WhatsApp scams are very much on the rise. They vary from people promising to give you R25 000 in a week, if you just donate R2500 now. To the more well known family member who passed away in Singapore and bequeathed to me his life savings.
This leads us to believe that WhatsApp scams are becoming as common as the countless email scams we have come across over the years.
While it may come as second nature to spot a scam to some, there are still scores of people falling for these scams daily. Here are some of the more common scams to avoid on WhatsApp:
A friend or family member asking for financial assistance
This type of scam has been gaining popularity for some years and how it works is that a contact you talk to regularly or person on your contact list will send you a message stating some type of emergency that requires you to send them cash immediately.
The best way to avoid this type of scam is to call the person immediately to verify whether or not they actually need money.
Scammers have some crafty ways of getting hold of cellphone numbers and bombarding WhatsApp contacts with requests for cash.
They do this is by contacting you and claiming that either you have won a prize or need to verify your account. The scammer will then ask you to send them a verification code that is sent to your phone and as soon as you send it through, they will take control of your WhatsApp and have the ability to message your contacts.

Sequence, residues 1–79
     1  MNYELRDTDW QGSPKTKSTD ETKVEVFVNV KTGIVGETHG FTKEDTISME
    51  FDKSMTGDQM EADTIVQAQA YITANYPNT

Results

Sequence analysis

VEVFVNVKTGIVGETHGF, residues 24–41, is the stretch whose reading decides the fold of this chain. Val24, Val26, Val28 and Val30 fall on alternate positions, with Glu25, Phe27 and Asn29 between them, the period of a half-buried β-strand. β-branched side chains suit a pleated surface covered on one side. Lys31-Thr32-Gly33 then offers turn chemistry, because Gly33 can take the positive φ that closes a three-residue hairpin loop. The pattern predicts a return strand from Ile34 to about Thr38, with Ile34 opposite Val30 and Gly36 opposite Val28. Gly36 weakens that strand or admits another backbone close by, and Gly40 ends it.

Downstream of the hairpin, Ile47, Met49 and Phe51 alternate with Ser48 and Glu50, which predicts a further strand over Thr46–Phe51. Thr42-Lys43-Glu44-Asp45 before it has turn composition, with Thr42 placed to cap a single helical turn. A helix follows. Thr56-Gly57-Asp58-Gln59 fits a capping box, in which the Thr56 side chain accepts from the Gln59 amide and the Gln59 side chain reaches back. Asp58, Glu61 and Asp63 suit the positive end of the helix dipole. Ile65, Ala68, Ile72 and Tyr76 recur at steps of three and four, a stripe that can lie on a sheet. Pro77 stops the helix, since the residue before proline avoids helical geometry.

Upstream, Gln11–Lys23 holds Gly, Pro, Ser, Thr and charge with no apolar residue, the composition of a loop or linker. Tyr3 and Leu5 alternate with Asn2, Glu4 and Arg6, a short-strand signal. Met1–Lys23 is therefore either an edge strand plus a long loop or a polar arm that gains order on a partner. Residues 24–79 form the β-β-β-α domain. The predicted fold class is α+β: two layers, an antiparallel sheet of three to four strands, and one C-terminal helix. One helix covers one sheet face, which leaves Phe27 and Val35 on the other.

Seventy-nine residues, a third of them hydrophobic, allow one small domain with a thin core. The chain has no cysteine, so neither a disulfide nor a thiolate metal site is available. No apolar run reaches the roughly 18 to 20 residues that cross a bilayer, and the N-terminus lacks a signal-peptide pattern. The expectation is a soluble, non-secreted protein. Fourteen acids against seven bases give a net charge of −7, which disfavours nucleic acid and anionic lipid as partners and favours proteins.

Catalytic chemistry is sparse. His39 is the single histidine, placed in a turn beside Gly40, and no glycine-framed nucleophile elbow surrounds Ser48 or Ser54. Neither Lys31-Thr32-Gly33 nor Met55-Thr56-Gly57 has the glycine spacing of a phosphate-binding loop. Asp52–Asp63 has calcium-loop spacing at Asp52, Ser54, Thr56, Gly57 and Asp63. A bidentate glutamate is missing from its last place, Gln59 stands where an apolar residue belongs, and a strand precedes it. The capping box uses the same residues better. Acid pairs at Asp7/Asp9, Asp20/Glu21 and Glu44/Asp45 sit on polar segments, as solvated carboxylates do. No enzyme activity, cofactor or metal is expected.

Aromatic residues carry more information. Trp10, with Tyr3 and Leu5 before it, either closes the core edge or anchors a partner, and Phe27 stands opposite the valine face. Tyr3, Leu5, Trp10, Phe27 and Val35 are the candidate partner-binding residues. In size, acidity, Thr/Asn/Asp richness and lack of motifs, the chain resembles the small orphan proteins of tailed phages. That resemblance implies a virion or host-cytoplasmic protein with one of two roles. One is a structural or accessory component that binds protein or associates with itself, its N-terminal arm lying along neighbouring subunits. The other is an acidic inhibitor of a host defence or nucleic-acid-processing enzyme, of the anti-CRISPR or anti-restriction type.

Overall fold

Under no circumstances should you share any pin codes, verification codes or any details with someone who you don’t know.
You receive a message from one of your contacts on WhatsApp that has a link below it. The message claims something along the lines of “WhatsApp Gold, once only available to celebs and the rich is now available to you” This is accompanied by a link to download it. The moment you click the link you open up your device to malware, phone locking and hacking and a host of other ways that your device can be hacked.
A rule of thumb should be to not click any links unless you know what you are clicking.
Scammers send out fake Pick n Pay/Takealot/Woolworths vouchers on WhatsApp that look like they have been sent by someone who cares about you but are designed to dupe you into clicking the link in order to hack your account or device.
Just like the WhatsApp Gold hack, do not click any links unless you know for sure what is beyond it.
Crypto and trading Scams
A new scam that has recently come to our attention are crypto scams, these generally come from a contact that you don't know and almost always promise you great returns on some or another cryptocurrency or trading platform. As the saying goes, if it sounds too good to be true, it usually is.
Do not give money to any person/company you have never personally been to or can say without a shadow of a doubt they are legitimate.
With Social Media platforms growing rapidly and more social media companies being born daily, there is no shortage of platforms you can be targeted on. Scammers are getting smarter in the ways in which they entice people to engage with them.
WhatsApp also has a handy tool that allows you to report or block certain contacts which may come in handy if you encounter a fraudster.
The main thing to remember with WhatsApp, and any other social media platform is to simply keep it social. Do not engage and give away personal info to people you don't know, don't click links you don't know and perhaps most importantly, do not hand over your hard earned cash to anyone that asks you for it on a social media platform.